The tension games like these provoke in him seem to get the better of Higuain as the crowd at the Camp Nou saw when he raised his middle finger to them while being substituted. Allegri didn't exactly shy away from pointing it out either. "Gonzalo has got to be more serene when he plays in these occasions. Instead of keeping his head down, he shakes his head. He shouldn't. Gonzalo's got great ability but he must improve in this regard." 

Argentina coach Jorge Sampaoli presumably won't be persuaded to change his mind and re-call Higuain to his squad on that showing. Former Juventus striker Fabrizio Ravanelli thought the snub played on Higuain's mind against Chievo at the weekend and again in Barcelona on Tuesday, and offers another explanation, in addition to a frustrating lack of service, for his irritability. "Sampaoli's decision has damaged him on a mental level."

His teammate Paulo Dybala fared little better, fluffing one counter-attack and blasting a chance to equalise over the bar just after the interval. Man of the match in every Juventus game up until the trip to Catalunya, there is a sense that Dybala has been covering up for imbalances in the team and the rustiness of some teammates who are still yet to get up to speed.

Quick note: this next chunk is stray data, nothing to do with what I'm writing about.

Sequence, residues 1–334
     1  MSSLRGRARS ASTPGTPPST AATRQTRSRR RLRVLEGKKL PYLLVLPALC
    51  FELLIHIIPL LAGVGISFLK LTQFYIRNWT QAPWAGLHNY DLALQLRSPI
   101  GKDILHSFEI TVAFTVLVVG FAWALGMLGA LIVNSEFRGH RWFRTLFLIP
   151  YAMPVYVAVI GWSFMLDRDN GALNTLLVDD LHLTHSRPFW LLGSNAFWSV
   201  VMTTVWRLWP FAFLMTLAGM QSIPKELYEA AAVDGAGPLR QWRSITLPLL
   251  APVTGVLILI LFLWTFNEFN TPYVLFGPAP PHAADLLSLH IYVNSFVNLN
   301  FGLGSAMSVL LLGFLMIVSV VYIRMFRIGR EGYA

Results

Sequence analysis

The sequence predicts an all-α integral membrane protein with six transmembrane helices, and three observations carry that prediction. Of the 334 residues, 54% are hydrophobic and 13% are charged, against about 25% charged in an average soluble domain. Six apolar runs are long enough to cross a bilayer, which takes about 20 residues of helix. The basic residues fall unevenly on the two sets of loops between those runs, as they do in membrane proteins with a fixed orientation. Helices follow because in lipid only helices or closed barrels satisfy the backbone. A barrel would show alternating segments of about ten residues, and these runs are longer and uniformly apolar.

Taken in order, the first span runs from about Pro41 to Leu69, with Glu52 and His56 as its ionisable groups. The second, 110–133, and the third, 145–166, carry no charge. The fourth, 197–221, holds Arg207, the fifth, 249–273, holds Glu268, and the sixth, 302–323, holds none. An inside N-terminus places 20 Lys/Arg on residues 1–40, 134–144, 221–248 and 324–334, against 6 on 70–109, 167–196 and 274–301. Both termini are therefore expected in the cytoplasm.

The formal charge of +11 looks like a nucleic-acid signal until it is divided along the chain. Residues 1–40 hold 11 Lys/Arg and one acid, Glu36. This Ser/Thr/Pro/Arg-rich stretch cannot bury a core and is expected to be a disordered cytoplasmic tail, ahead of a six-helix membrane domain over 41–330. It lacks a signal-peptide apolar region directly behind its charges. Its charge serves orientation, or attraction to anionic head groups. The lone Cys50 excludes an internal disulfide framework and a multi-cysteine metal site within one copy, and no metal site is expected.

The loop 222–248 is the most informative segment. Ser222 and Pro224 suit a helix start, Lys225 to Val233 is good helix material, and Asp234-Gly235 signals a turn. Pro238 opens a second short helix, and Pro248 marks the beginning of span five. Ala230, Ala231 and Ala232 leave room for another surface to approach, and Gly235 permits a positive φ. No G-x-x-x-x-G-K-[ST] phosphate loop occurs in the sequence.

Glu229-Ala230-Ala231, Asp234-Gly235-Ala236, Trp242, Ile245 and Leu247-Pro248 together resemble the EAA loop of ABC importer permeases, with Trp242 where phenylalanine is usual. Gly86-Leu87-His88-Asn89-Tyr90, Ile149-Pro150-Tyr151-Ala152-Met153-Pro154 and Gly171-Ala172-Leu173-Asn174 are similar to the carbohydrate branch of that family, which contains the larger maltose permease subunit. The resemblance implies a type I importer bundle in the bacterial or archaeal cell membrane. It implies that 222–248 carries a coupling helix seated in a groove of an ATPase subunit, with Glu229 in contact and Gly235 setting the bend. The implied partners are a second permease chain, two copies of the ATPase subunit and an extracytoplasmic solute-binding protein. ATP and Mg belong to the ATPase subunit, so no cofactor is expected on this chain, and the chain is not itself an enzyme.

Often the whipping boy for Juventus' struggles, Gonzalo Higuain has struggled to score in big games in Europe.

As in Cardiff, Juventus faded in the second half and Barca, led by Messi, outclassed them. Perhaps the ghosts of that night have not yet been laid to rest -- although Allegri's changes didn't help. As against Real in June, once the second goal went in, Juventus seemed to lose belief, and, in this case, even interest. 

Allegri drew some criticism before the game for sending the wrong message to the players by downplaying the significance of their first European outing of the campaign. It was only a group stage game, not a knock-out tie and besides Juventus reached the final in 2015 after finishing runners' up in their group behind Atletico Madrid.